Export-Import Bank backed $1.7 billion in civil aviation deals since 2012
The embattled U.S. Export-Import Bank on Thursday said it authorized $1.7 billion in financing to support U.S. exports of helicopters, business jets and agricultural aircraft since fiscal 2012, aiding a sector hit hard by the 2008 financial crisis.
Ex-Im Bank President Fred Hochberg said the financing helped companies such as United Technologies Corp (UTX.N) unit Sikorsky Aircraft by giving their customers access to the same kind of export credit financing offered by competitors.
"We want to make sure that when Sikorsky is competing with Airbus, that it's a level playing field. People need to know that financing is available," he told Reuters during a visit to a Sikorsky plant in rural Pennsylvania on Thursday.
The bank has come under attack from some Republicans, who view it as big business welfare and want it wound down. Supporters say it plays a vital role in driving exports.
Hochberg, who visited the Toulouse facility of European airplane maker Airbus (AIR.PA) last week, said the bank's financing for general aviation deals would reach $2 billion by the end of the year, doubling a target set in February 2013.
That compares to $160 million in similar deals financed in fiscal 2010 and $105 million in fiscal 2011, the bank said.
Hochberg's visit to the plant where Sikorsky builds S-92 and S-76 commercial helicopters is part of a big push to show how the bank's export credit financing and insurance are helping create and protect jobs in across the United States.
The bank, which provides loans to foreign buyers of U.S. goods and other support to U.S. exporters, last month won a nine-month extension of its charter through June 2015 but is continuing to press Congress to grant a long-term extension.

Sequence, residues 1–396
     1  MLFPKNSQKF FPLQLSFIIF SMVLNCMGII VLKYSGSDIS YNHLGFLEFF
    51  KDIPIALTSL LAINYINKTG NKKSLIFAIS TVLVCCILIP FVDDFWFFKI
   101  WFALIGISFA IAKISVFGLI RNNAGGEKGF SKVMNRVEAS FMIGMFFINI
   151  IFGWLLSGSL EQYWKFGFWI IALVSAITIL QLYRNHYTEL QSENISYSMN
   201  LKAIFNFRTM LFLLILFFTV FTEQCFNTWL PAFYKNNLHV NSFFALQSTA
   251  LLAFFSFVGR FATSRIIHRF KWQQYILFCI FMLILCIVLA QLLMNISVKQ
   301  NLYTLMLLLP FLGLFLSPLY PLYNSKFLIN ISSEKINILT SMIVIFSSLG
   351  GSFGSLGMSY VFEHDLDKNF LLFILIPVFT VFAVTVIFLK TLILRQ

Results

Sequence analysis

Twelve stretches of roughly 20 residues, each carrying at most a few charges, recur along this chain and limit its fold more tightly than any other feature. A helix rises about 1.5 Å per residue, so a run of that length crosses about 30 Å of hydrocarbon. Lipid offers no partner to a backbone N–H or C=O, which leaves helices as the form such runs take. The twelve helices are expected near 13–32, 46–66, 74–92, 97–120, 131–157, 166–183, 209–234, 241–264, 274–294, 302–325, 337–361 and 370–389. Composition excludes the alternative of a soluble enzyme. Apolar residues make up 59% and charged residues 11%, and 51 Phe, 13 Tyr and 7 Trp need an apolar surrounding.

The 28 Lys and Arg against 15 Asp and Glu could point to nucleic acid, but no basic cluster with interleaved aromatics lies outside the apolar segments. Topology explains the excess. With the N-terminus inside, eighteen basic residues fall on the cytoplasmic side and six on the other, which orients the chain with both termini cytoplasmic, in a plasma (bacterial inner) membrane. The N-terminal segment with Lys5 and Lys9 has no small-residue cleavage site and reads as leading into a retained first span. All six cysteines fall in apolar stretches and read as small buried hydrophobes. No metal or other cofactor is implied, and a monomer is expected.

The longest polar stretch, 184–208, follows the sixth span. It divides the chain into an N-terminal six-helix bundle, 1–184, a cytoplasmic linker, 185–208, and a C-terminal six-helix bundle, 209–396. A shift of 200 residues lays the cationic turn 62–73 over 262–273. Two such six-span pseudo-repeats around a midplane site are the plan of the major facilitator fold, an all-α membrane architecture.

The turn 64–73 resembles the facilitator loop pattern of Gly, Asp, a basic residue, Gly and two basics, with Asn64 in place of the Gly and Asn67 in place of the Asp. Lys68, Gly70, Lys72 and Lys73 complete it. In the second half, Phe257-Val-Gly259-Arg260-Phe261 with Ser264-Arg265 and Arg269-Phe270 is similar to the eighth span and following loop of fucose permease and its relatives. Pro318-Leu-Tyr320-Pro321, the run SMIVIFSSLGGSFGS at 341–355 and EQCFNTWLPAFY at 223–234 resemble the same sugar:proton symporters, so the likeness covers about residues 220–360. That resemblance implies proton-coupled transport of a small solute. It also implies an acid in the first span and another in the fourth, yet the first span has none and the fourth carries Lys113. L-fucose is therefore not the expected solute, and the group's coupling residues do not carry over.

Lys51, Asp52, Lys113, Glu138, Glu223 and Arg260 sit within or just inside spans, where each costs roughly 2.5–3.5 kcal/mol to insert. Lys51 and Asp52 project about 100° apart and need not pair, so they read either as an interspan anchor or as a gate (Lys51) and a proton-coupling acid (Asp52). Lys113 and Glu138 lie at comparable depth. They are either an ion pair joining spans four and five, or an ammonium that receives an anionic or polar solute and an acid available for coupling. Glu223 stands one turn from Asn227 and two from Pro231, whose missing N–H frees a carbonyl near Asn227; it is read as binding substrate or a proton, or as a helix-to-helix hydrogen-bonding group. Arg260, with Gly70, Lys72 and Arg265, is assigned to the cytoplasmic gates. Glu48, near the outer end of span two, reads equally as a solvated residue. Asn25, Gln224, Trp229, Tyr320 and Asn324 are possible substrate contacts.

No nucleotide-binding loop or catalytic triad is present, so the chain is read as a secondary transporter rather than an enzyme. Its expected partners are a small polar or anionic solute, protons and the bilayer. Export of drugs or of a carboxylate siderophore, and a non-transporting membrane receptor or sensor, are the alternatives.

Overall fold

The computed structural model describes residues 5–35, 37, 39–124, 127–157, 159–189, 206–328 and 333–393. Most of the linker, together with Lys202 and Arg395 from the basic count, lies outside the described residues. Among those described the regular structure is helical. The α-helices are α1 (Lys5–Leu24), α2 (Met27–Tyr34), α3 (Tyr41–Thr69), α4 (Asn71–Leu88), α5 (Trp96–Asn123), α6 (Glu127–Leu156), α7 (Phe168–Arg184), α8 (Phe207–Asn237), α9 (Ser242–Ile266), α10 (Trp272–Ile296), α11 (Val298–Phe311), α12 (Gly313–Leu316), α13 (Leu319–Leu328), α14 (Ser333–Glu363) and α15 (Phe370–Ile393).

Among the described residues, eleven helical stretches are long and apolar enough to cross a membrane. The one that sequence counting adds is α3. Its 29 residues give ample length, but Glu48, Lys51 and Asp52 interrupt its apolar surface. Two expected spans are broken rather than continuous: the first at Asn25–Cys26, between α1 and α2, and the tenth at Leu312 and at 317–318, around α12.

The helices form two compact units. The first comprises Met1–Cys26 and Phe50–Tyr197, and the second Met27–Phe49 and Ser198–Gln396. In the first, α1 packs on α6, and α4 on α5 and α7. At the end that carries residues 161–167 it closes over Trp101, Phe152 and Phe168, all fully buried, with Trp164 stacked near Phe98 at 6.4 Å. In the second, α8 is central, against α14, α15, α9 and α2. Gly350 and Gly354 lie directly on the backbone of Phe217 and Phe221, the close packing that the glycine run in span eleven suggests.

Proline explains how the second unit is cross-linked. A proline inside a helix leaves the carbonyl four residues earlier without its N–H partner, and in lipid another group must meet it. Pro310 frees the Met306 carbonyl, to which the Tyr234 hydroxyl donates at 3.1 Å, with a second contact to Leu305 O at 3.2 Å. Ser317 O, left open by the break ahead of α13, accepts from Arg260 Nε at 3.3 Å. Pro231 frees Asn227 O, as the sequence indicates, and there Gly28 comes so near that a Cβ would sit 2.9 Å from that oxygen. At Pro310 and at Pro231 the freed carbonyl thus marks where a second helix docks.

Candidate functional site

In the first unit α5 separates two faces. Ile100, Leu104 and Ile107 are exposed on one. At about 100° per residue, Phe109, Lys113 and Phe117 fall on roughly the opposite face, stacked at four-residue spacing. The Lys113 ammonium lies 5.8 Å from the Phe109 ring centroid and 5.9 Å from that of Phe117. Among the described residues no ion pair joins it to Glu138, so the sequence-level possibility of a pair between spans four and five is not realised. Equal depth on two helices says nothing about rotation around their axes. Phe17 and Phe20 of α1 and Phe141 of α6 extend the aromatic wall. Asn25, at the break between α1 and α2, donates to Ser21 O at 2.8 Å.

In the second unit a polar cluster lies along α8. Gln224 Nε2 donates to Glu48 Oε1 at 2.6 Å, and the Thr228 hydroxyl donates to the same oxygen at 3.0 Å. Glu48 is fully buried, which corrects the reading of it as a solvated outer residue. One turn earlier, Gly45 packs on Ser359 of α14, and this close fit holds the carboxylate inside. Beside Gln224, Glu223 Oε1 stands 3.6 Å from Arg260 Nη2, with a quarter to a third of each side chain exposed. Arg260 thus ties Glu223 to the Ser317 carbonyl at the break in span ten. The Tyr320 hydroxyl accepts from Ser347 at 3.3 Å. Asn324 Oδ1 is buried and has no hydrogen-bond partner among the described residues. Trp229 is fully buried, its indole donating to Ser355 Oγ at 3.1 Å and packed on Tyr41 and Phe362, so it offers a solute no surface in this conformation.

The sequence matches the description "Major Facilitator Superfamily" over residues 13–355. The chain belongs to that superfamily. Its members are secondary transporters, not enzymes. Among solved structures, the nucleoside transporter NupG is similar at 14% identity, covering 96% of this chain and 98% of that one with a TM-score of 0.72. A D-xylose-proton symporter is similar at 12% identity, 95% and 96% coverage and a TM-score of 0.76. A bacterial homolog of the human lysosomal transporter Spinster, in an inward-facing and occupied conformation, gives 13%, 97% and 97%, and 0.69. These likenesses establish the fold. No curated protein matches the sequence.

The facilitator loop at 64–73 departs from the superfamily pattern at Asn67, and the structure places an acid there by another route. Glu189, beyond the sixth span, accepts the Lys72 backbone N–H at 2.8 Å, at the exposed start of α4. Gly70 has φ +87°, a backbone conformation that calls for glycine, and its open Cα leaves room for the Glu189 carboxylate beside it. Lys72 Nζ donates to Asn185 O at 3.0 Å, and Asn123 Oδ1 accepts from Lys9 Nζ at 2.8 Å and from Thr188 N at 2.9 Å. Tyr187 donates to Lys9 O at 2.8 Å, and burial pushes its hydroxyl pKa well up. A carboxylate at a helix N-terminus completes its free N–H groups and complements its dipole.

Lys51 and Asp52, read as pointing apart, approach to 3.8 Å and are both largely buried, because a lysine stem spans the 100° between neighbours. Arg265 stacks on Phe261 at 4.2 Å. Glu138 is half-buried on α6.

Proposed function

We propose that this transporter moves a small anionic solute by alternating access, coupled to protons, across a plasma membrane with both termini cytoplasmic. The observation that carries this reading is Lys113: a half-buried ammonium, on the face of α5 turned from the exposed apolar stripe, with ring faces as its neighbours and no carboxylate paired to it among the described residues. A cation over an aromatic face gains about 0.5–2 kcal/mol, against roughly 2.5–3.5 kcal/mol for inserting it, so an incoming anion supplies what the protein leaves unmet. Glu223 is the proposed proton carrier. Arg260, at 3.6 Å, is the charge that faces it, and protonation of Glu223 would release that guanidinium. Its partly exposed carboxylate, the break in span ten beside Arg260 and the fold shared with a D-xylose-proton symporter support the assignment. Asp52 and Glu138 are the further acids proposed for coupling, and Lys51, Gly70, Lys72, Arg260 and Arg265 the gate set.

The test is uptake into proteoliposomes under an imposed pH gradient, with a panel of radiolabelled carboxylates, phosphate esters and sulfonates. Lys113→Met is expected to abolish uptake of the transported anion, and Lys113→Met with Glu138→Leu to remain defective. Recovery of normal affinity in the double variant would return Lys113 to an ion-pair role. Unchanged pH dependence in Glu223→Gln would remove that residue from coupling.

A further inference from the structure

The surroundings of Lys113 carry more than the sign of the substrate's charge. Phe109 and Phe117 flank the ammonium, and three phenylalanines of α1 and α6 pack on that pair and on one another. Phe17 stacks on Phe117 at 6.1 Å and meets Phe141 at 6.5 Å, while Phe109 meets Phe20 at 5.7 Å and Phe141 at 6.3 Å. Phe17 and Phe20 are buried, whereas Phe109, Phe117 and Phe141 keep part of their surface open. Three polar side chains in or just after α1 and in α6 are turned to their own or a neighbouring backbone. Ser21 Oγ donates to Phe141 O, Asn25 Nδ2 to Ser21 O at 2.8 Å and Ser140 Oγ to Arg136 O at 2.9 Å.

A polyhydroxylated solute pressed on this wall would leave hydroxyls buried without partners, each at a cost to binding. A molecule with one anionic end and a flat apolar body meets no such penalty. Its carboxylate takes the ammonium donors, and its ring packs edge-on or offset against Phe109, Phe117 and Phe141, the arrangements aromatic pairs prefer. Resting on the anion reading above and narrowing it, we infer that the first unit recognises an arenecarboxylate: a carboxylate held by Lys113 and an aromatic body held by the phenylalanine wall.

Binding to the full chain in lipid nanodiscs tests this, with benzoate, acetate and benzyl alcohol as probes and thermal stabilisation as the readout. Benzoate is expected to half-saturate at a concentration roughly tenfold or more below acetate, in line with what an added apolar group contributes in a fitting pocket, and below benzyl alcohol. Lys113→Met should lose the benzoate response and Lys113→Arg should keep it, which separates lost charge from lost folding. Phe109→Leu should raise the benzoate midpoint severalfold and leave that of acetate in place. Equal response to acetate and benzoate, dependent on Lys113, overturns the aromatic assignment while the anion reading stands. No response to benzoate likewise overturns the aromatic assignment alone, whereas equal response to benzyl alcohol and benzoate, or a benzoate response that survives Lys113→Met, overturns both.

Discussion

Supporters say closing it would be a blow to Boeing Co (BA.N), Caterpillar Inc (CAT.N),General Electric Co (GE.N) and others that rely on Ex-Im financing to make sales and compete with foreign firms.
Dorith Hakim, general manager of the Sikorsky Coatesville facility west of Philadelphia, said the workforce had grown from 700 to around 1,800 over the past three years as the company expanded to meet strong commercial demand.
Exports had risen to comprise about 50 percent of production at the plant, up from about 20 percent five years ago, she said.
Hakim told Reuters the availability of export financing was a big factor in Sikorsky's ability to close commercial deals.
"The commercial helicopter market is extremely competitive," she said. "It's important that our customer have the feeling of security of a financing arm for them to actually make the purchase decision."
Hochberg said he visited Airbus last week after a regular meeting with G7 officials to look at the main competition for many U.S. manufacturers.
Airbus spokesman Clay McConnell confirmed the visit and said the two sides had a cordial exchange of information.
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